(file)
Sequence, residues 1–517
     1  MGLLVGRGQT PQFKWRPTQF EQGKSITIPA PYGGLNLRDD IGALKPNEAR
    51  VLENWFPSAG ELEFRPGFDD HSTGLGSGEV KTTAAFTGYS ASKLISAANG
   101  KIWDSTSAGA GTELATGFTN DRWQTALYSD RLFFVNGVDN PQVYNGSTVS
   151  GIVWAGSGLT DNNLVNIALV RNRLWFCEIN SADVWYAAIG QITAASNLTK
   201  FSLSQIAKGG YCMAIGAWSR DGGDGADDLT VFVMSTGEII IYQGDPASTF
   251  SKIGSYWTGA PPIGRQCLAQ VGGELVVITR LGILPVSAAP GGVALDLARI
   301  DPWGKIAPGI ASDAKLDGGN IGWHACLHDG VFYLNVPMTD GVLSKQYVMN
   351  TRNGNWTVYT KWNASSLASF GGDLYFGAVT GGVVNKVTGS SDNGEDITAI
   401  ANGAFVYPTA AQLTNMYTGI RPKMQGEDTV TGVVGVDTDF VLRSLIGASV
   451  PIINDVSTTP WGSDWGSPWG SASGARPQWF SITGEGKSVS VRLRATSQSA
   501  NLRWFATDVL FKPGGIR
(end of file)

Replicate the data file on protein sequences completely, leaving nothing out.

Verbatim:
Sequence, residues 1–517
     1  MGLLVGRGQT PQFKWRPTQF EQGKSITIPA PYGGLNLRDD IGALKPNEAR
    51  VLENWFPSAG ELEFRPGFDD HSTGLGSGEV KTTAAFTGYS ASKLISAANG
   101  KIWDSTSAGA GTELATGFTN DRWQTALYSD RLFFVNGVDN PQVYNGSTVS
   151  GIVWAGSGLT DNNLVNIALV RNRLWFCEIN SADVWYAAIG QITAASNLTK
   201  FSLSQIAKGG YCMAIGAWSR DGGDGADDLT VFVMSTGEII IYQGDPASTF
   251  SKIGSYWTGA PPIGRQCLAQ VGGELVVITR LGILPVSAAP GGVALDLARI
   301  DPWGKIAPGI ASDAKLDGGN IGWHACLHDG VFYLNVPMTD GVLSKQYVMN
   351  TRNGNWTVYT KWNASSLASF GGDLYFGAVT GGVVNKVTGS SDNGEDITAI
   401  ANGAFVYPTA AQLTNMYTGI RPKMQGEDTV TGVVGVDTDF VLRSLIGASV
   451  PIINDVSTTP WGSDWGSPWG SASGARPQWF SITGEGKSVS VRLRATSQSA
   501  NLRWFATDVL FKPGGIR